I think that the unintelligibility of magic is what makes it so troublesome. It’s the unintelligibility that makes is both unpredictable and exclusive. If we can’t predict, we can’t shape our environment to our own ends. If something is exclusive then those with access to it have a disproportionate power over everyone else. Magical technology that we don’t understand, cannot predict the consequences of, and do not have the ability to master does not empower us. At best it just is and at worst it shapes our lives as a result of someone else’s intent (or inattention).

Nowhere is this better demonstrated than in the web’s ubiquitous advertising network. Natasa Milic-Frayling (then at Microsoft Research), Eduarda Mendes Rodrigues (then at the University of Porto), m.c. schraefel (my academic supervisor) and I demonstrated the sheer extent of the tracking to which we are subject in our 2013 paper. Using search engines as an entry point into the Web we crawled thousands of pages to uncover the invisible network of advertisers, brokers and content providers that work together to collect information about the web pages we visit and to transfer that data among themselves to deliver advertisements individually tailored to our supposed interests. It takes just 30 clicks before the average web user has a 95% chance of being labelled by all of the top 10 tracking domains. Despite the invisibility of these networks themselves, some of the organisations participating in them are household names; Google, Facebook, Twitter – all are deeply implicated, and all have access to far more data about us than merely what we type into their own websites.

The ability for a website we’ve never visited before to deliver an advertisement tailored to our interests, or to a status update we posted “privately” to Facebook the previous day, even to our household income or our credit rating, is magical. Most of us probably wouldn’t say it was magical in a good way, more at the Voldemort end of the scale than the Gandalf side of things; it is magical nonetheless. In particular, it is unintelligible to most of us, even the websites that benefit from the advertising revenue. In fact, the complexity of the emergent network itself means that the actual extent of the data brokerage is probably beyond the understanding of most of the organisations involved in it.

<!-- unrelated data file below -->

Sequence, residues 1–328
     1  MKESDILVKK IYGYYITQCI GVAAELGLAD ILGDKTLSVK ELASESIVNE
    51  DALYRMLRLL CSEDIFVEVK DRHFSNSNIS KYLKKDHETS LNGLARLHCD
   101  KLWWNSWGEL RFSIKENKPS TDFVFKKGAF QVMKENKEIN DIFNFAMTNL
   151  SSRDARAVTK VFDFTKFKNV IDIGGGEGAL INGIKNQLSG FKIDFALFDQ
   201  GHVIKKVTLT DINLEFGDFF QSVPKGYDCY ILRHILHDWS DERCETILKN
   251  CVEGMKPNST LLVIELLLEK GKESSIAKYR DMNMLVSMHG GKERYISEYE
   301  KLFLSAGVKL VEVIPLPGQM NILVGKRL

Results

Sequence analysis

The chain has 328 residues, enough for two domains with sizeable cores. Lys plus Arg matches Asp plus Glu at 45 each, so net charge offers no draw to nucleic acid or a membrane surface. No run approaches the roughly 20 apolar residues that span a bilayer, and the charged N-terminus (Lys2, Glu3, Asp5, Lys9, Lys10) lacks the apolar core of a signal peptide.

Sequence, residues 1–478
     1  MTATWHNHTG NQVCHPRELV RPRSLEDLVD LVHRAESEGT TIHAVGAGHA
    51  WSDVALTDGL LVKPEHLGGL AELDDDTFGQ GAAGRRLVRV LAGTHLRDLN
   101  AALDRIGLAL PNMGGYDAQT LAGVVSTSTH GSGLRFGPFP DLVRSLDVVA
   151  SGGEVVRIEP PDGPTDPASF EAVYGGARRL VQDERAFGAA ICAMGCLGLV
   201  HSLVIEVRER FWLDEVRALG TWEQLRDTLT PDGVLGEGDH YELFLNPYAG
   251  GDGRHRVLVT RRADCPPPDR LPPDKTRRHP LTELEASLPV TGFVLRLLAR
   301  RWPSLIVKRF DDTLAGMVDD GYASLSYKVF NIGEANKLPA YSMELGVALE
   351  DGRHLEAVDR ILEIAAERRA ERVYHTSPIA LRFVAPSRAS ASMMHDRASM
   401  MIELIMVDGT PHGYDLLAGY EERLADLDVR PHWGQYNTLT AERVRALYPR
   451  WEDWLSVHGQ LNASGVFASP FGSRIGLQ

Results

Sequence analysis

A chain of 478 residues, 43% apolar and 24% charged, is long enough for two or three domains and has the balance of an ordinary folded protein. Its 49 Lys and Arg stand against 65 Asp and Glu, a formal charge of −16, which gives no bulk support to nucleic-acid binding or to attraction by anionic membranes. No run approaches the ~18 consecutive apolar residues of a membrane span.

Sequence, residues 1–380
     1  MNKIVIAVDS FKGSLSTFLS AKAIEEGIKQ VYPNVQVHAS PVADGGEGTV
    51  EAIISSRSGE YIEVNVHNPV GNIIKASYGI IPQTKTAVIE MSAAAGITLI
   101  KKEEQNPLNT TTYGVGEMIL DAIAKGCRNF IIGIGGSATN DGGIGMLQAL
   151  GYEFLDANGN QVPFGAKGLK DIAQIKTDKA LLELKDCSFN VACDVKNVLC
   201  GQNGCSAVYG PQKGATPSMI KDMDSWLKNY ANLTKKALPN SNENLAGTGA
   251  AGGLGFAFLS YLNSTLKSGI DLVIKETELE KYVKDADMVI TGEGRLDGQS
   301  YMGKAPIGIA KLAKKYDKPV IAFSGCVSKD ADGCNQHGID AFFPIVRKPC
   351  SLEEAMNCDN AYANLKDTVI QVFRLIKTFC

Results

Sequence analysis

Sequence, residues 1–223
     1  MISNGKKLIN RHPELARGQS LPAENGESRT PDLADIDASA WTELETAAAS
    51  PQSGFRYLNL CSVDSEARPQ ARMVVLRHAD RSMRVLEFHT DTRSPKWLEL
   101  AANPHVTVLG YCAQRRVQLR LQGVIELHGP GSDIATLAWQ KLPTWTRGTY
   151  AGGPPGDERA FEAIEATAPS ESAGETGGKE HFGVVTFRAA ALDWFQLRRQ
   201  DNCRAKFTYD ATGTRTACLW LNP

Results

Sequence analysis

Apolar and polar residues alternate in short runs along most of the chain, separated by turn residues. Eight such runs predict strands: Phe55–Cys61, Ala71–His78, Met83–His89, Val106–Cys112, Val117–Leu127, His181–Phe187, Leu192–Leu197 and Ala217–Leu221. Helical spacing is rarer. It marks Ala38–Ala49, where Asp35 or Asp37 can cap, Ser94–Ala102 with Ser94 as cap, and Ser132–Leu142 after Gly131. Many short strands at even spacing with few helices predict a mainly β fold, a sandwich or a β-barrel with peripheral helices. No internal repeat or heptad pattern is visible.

The unintelligibility of the advertising network makes it virtually impossible to understand what the profiles it has created for each of us contain, or how we can influence them. This does not make for positive or fulfilling experiences; most web users perceive aggressive ad targeting as creepy or downright disturbing. Despite having dedicated years of research to the topic, I am still unable to account for some of the targeting that’s apparent when I browse the web, and I’m still unable to prevent much of it from taking place. We are all hugely disempowered by the existence of this “grey web”; we can’t opt out even if we want to. It is fortunate that, with some notable exceptions, despite the creepiness it is largely not a major threat to most of us.

Still, the grey web is just one way in which most of us have become (or at least feel that) we are pretty disempowered when it comes to exercising control over our personal data. Only yesterday the DVLA sent my driving license renewal letter to my flat in Southampton; not the address that appears on my license (which is registered to my parents’ house) after apparently checking “the last address you gave us with records held by a commercial partner.” How I would correct that record if it were wrong is anybody’s guess – There’s no insight into the magical process that they used and their description seems to provide little clue as to what they actually did or who they asked.

In this series of (hopefully weekly) posts I’ll expand on the idea of technology as a disempowering force, covering the need to make empowerment part of the standard design vernacular and how we might do so. Subscribe to the RSS feed, or follow @richardgomer on Twitter to make sure you don’t miss the next post!